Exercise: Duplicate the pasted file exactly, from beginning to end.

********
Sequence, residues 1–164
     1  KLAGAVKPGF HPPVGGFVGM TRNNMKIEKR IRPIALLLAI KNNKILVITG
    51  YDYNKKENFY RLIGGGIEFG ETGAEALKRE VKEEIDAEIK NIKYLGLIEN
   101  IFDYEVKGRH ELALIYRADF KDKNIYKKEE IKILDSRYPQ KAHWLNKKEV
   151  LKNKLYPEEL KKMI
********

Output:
Sequence, residues 1–164
     1  KLAGAVKPGF HPPVGGFVGM TRNNMKIEKR IRPIALLLAI KNNKILVITG
    51  YDYNKKENFY RLIGGGIEFG ETGAEALKRE VKEEIDAEIK NIKYLGLIEN
   101  IFDYEVKGRH ELALIYRADF KDKNIYKKEE IKILDSRYPQ KAHWLNKKEV
   151  LKNKLYPEEL KKMI